In typical bureaucratic fashion the officials whine that keeping people safe will require more effort on their part. No improvement or increases in efficiency just having to do more of the same is their problem.

Every year about 35,000 people die a year on government roads. In addition 5,000 pedestrians and bicyclists have died in Florida over the last decade.

Yet many of the Treasure Coast appear to be duped into blaming this deadly problem with government on All Aboard Florida.

Don’t be a dupe. Recognize the dangers and who is to blame for them. Remember your safety is no benefit to government (until it becomes an election issue).

“Why should we have to spend more money because a private company wants to come through (Vero Beach), at no benefit to us?” Commissioner Don Croteau said.

Vero Beach residents respond to All Aboard Florida – Story.

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  • Susan

    “The property owners want to use their 120year old train property more by adding another track. Vero Beach complains that since the property owner is using the property as long-intended”
    This is not the case. Flagler NEVER intended for 32 trains per day to run the tracks at 110mph. And the road developers, mainly post WWII, never intended to expose the citizenry to HSR since the owners of the RR never intended to.
    The FRA, whose job it is to protect the citizenry (I assume we can agree that the feds are suppose to protect the citizens?) has NO experience in regulating HSR through dense populations with 400+ at-grade crossings. In fact, no entity in the world has such experience – it isn’t done.
    It doesn’t matter who owns what or who is paying for what. What matters is how many will be killed.

    • Susan,
      The property was long intended to be used for train. Who are you to decide what Flagler would have or would not have done with the property? The FACT remains that this is train property and entirely within their right to increase the capacity to which they use private property they have valid contract to use.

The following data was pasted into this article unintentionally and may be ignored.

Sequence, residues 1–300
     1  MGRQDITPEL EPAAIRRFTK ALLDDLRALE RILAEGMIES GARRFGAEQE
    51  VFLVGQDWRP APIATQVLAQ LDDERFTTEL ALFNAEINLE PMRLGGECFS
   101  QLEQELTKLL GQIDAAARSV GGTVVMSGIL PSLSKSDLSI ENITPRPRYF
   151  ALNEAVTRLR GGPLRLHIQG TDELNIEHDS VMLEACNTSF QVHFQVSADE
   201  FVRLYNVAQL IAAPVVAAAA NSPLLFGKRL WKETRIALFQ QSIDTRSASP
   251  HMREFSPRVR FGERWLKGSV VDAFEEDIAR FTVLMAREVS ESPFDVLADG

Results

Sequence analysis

You ignoring this undermines property rights and in turn seeks to use the bureaucrats fought during Seven50 to undermine private property rights. It may be inconvenient for you but it, nonetheless, is still private property used by trains where the owners want to use their property more for which it was intended- transporting trains.

      We cannot agree that the feds are supposed to protect the citizens. That flies in the face of what states do. They seek to maintain and expand their power over the citizens, American history is case in point. The FRA is there to dole out favors to the historically crony railroad industry.

      If we are to infringe everyone’s right because of what may happen we wouldn’t need the Bill of Rights or any right. Your argument that there may be an accident and someone may die therefore we need to stop AAF has sinister parallels to gun control nuts. This may happen therefore we eliminate it.

      Nor is it conducive with freedom.

      You are more likely to be killed in a car accident than a train accident. Should we also ban cars and guns? Why not hammers, knives and hat pins?